Anorexia Nervosa

Prevalence and Management of Oropharyngeal Dysphagia in Patients with Severe Anorexia Nervosa: A Large Retrospective Review

International Journal of Eating Disorders
By Philip S. Mehler, MD, FACP, FAED, CEDS


Objective: Oropharyngeal dysphagia (OPD) refers to difficulty swallowing food or a liquid bolus from the oral and pharyngeal cavities into the esophagus and increases the risk of possibly life-threatening pneumonia. Little has been reported on OPD in adults with anorexia nervosa (AN). This study includes a description of OPD in severe AN and discusses potentially effective clinical management.

Method: Two hundred and six adults with severe AN, admitted over a five-year period to a national referral center specializing in the multidisciplinary medical stabilization of this population, were retrospectively evaluated by electronic database query and manual chart review. All patients whose initial medical assessment triggered a speech-language pathology (SLP) consultation, due to concerns for OPD, were reviewed in detail.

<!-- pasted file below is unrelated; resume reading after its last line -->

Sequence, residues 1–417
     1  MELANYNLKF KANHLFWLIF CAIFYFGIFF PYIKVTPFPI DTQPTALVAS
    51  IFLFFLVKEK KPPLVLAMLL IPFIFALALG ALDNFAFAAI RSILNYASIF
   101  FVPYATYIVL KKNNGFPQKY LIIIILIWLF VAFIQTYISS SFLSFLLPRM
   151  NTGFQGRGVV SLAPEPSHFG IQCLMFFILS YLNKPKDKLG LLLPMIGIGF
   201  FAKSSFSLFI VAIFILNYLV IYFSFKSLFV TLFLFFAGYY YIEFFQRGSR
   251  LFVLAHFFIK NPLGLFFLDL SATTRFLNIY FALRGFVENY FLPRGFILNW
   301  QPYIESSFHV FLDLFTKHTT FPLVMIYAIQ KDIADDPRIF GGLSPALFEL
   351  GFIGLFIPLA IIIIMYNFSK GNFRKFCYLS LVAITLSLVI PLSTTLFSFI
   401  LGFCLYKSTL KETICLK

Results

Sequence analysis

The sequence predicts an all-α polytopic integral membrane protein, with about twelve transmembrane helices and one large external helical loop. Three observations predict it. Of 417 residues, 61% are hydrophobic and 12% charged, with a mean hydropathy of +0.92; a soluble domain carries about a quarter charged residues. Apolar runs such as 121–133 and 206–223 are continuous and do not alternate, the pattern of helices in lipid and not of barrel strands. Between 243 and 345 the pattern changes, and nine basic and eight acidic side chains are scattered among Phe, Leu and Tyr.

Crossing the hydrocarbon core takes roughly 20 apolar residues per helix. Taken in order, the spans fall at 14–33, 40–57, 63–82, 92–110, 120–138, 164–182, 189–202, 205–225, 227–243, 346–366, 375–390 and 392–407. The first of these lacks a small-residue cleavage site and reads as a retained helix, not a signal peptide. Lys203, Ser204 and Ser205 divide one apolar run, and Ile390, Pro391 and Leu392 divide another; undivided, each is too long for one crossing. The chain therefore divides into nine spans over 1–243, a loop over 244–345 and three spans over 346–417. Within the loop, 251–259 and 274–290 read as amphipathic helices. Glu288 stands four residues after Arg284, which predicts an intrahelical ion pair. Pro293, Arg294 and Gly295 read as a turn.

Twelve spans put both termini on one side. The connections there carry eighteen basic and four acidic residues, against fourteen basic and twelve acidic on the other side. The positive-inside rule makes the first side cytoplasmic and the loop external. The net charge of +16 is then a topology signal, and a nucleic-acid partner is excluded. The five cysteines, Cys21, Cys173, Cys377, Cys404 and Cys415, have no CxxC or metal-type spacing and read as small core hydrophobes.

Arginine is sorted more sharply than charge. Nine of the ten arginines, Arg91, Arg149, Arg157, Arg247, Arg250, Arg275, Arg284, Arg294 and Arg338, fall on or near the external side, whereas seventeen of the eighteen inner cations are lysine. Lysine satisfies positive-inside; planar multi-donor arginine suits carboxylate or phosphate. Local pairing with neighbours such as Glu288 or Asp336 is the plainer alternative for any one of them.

Results: Of the 206 total patients, 42 presented with symptoms of OPD and received SLP consultation. In the OPD cohort, 37 (88%) were women, with median age 32 years old, and mean admission weights of 57% ideal body weight (IBW) and body mass index (BMI) of 12 kg/m(2). Compared with those who did not have OPD, OPD patients had significantly lower BMI on admission (12 kg/m(2) vs. 13.1 kg/m(2), p < 0.001), longer stay (21 days vs. 14 days, p < 0.001), and were more medically compromised, including a greater incidence of refeeding hypophosphatemia (60.9% vs. 29.7%, p < 0.004).

Discussion: Clinical awareness of OPD may reduce the incidence of aspiration pneumonia and promote life-saving oral nutrition in patients with severe AN. Proper, timely evaluation and intervention may improve clinical outcomes.

Written by

Philip S. Mehler, MD, FACP, FAED, CEDS

Dr. Philip S. Mehler began his career at Denver Health more than 35 years ago and was formerly its Chief of Internal Medicine and then Denver Health’s Chief Medical Officer (CMO) until he was promoted…

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